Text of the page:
Considering Suitcases – A Repacking List
I know everyone wonders what they should bring when they come to Korea. If you did any research at all before arriving, you’d likely have found it important to bring clothes for all four seasons. That’s very true, but don’t kid yourself into thinking you’ll live like a backpacker. I don’t know why I first thought of doing that when I arrived, but that’s definitely what I packed for. It was going to be an adventure packing light for a year and living on layers. While that’s possible, I’ve realized I’m not the kind of person who would enjoy doing that. So if you had to ask what I would pack differently, here’s an entry just for you.
- I would have paid the extra baggage fees to bring everything with me on my flight out. I don’t usually believe in paying for extra baggage, or even needing “extra” baggage. Arriving with two suitcases and my backpack felt like overkill to me at the time, but I would have saved both my parents and myself some money had I just brought the three I had been planning on bringing in the first place. You’re usually signing a year-long teaching contract. You will be here for a year. Are you really going to want to live out of two medium suitcases for that long and pseudo-rough it? No thanks. Bring clothes for every season. Depending on where you’re working you can either get away with not having a formal work wardrobe, or you’ll need a ton of work clothes. I could have saved myself some room in my suitcase and left a couple shirts and slacks at home.
- I would have brought more over-the-counter meds. Granted, I’ve never heard of anyone getting as sick as I did when I first arrived, but stocking up on familiar meds is never a bad thing. NyQuil, DayQuil, Ibuprofen, Vitamin C, Pepto, etc.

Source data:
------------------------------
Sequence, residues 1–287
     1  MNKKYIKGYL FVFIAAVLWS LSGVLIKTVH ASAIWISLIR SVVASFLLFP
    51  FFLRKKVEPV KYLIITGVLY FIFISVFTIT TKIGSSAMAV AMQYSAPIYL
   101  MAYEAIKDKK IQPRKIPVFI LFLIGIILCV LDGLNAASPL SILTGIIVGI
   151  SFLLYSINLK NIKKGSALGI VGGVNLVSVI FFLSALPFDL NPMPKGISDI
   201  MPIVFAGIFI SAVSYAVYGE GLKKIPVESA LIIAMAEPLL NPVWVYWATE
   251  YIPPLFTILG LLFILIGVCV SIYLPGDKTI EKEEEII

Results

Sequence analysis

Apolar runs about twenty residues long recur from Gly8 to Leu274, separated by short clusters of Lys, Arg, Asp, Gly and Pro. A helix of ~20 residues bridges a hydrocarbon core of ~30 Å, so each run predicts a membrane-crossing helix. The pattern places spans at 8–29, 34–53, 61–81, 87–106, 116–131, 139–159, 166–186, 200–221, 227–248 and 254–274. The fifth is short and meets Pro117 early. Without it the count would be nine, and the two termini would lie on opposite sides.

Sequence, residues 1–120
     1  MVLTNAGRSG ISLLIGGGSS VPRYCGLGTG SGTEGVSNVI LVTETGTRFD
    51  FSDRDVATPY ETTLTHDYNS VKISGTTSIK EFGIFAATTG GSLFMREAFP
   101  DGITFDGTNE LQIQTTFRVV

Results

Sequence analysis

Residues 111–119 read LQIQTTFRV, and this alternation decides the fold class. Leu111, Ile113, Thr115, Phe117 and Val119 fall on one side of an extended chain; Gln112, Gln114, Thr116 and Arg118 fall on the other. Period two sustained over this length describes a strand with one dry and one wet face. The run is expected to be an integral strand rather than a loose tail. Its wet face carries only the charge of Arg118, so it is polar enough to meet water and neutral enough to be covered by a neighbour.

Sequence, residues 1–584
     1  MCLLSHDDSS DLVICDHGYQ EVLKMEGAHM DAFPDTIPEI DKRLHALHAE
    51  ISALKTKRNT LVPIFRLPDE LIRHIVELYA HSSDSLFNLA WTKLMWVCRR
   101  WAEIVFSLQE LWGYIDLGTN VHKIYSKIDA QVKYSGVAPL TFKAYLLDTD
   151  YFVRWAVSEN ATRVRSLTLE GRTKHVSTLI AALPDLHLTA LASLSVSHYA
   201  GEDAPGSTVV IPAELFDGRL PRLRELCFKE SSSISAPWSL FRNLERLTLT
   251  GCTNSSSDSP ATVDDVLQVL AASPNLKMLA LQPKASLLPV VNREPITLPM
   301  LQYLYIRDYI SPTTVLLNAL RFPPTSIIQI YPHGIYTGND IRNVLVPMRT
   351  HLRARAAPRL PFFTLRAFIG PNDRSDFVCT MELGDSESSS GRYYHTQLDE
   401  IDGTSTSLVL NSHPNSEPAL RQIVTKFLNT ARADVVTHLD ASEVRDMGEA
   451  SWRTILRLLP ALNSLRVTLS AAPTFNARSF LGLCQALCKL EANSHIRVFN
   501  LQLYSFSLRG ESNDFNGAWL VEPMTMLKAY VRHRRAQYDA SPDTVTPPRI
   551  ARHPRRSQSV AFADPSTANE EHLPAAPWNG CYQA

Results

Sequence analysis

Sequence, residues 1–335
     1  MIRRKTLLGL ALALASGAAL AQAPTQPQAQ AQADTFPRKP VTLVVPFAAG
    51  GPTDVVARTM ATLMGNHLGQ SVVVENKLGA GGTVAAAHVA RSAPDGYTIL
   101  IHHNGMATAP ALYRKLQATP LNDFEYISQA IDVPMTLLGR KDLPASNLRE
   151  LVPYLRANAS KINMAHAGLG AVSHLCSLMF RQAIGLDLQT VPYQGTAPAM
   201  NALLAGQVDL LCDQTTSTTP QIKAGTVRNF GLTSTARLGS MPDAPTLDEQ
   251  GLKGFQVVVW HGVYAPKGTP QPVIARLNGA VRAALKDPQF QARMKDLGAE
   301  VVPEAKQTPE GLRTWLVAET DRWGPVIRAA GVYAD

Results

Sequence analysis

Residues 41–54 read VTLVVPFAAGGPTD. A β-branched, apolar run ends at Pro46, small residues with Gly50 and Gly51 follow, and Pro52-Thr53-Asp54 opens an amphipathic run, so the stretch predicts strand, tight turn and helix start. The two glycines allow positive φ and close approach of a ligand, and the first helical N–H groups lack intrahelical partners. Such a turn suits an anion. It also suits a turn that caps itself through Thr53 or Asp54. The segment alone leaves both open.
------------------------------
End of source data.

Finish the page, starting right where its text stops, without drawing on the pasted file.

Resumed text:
- I would have packed my favorite spices. This wouldn’t necessarily apply if you’re not interested in cooking or don’t enjoy it. I’m lucky enough to have a best friend who sent me a bundle of spices and chocolate.
- I would have bought and packed a serious winter coat. Whatever you think qualifies as a winter coat, you’re going to need to reevaluate those qualifications, specifically if you’re from the southern states. My “winter” jacket consisted of a doubled-up pair of coats, so it’s more of a 2-in-1 kind of deal. In Korea, that jacket is pretty much only suited for a chilly spring or autumn. I have since acquired a knee-length, down parka with a furry hood and several pockets. I kind of had a love affair with it when it arrived in February since I’d been freezing my bum off for two months already.
- I would have brought at least two more pairs of jeans. I came to Korea with two pairs to last me for a whole year. My oldest jeans ended up pretty holey after two months. I was lucky enough to be able to find jeans in my size over here, but it was a hassle. Just save yourself the trouble and bring several pairs.
- I would have brought more shoes. Usually, I can get by without many shoes. I have a quiet admiration for shoes, but I tend to go with utility and comfort over stylish. Thankfully, my work place lets me wear tennis shoes on a regular basis. Winter and spring weren’t really an issue for me with shoes, but now that it’s summer it’s a different matter. I wish I had a pair of flip flops over my heavy sports sandals. I ended up buying a pair of cream heels to match the summery dresses I have bought since the season started. I wouldn’t have minded finding a pair of cute, cream flats, but shoe shopping here if you have anything a size 8 or up is pretty daunting and expensive. Black shoes are great and all, and something of a necessity I’ve found, but pack a lighter color shoe that you can dress up or down. And no, I’d never have imagined myself recommending what kind of shoes to bring to Korea before now.